The rules of delegate allocation are complex and vary widely state by state. But they generally favor the candidate who is in the lead, and that’s Trump.

These trigger rules mean that in states where Haley might continue to win 30% to 40% of the vote — like California, Vermont, Utah and Virginia — she is quite likely to be shut out of the delegate haul because of the state primary rules that reward anyone who gets a majority.

However, there are other states, like North Carolina, where 32 of its 74 Republican delegates will be awarded proportionally to all candidates who finish with at least 20% of the vote. The other 42 GOP delegates in that state will be awarded, three at a time, by congressional district. In the congressional districts, anyone who receives at least 60% gets all three delegates in that area.

🫡 Haley’s last stand?

Haley has stayed in the race in part because she keeps winning a substantial minority, and because — she argues — Trump is a uniquely flawed and vulnerable candidate in the general election. In recent days, she’s also indicated she believes Trump might subvert the Constitution if elected, retracted her pledge to support him if he becomes the nominee and likened the Republican Party choosing him as “suicide for our country.”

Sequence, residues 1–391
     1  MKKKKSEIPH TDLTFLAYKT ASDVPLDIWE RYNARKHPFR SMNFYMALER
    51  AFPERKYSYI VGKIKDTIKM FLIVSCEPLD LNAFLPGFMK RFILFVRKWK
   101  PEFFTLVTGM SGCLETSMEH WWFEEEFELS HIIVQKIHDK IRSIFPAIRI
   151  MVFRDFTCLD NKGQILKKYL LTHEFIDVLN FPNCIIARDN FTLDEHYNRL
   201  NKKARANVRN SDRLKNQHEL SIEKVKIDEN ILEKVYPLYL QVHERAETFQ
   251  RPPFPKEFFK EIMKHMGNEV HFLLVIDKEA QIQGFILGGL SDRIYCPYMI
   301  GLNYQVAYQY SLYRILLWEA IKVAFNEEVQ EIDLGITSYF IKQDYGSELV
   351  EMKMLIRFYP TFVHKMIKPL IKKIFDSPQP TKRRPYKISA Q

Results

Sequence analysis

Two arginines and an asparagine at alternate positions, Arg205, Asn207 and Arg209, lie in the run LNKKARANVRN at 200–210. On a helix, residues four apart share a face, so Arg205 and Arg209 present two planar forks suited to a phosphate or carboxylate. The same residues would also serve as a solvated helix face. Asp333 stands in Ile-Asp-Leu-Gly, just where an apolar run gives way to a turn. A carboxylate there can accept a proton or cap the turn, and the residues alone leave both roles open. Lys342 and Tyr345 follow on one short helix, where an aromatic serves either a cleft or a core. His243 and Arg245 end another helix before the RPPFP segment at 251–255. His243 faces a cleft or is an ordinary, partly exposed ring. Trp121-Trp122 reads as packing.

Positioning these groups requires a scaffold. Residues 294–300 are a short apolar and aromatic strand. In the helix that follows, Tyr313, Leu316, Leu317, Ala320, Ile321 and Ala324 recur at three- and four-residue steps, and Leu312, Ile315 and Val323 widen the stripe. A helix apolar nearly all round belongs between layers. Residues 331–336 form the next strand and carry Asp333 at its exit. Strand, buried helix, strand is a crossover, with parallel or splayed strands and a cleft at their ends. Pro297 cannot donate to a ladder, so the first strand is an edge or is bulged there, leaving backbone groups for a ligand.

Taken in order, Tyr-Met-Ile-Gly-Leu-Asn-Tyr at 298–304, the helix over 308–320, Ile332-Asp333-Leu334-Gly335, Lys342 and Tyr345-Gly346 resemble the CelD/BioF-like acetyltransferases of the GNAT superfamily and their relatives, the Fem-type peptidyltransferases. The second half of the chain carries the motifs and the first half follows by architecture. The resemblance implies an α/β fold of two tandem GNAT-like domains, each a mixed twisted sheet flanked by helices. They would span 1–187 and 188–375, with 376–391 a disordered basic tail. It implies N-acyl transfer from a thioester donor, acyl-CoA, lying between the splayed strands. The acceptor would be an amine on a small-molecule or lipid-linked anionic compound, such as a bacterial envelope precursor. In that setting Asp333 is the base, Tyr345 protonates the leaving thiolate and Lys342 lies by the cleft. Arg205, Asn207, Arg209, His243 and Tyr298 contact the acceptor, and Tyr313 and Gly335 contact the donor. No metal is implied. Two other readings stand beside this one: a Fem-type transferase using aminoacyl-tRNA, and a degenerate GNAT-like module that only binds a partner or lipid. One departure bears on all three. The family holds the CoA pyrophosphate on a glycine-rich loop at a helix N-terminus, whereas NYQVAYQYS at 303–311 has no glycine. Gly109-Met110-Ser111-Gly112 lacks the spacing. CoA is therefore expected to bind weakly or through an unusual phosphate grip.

However, except for a major surprise, if Trump sweeps Super Tuesday, Haley’s chances of beating him go from very slim to nonexistent.

🙂 Some good news for Haley

On Friday, Haley was endorsed by two Republican senators, both women: Sen. Lisa Murkowski of Alaska and Sen. Susan Collins of Maine.

Murkowski and Collins are both firmly in the moderate column of the GOP, so they won’t sway many hard-core Trump voters. But both of their states are holding primary contests on Super Tuesday, so the news of their endorsement is positive for Haley in both those places.

On Sunday, Haley won the Republican her first primary, in the District of Columbia. She earned 19 delegates with the win.

😃 Even better news for Trump

Voters in Illinois, Maine and Colorado had looked to remove Trump from the ballot in those states because, they said, he had violated the Constitution's insurrection clause due to his actions surrounding the Jan. 6, 2021, riot at the U.S. Capitol.

But on Tuesday, the Supreme Court ruled 9-0 that individual states removing a candidate from its ballot would be unconstitutional. This is particularly good news for Trump because both Maine and Colorado will be holding primaries on Super Tuesday.

⚡ Why is it called Super Tuesday?

Every primary season, one day out of the election calendar is deemed Super. There’s nothing official about it — it just usually means that that’s the day with the most contests, making it the closest thing the U.S. has to a national primary.

⚡ Who can vote on Super Tuesday?

It depends on the state. If you live in one of the areas holding nominating contests on Super Tuesday, check with your state or local voting board on whether you are eligible to cast a ballot.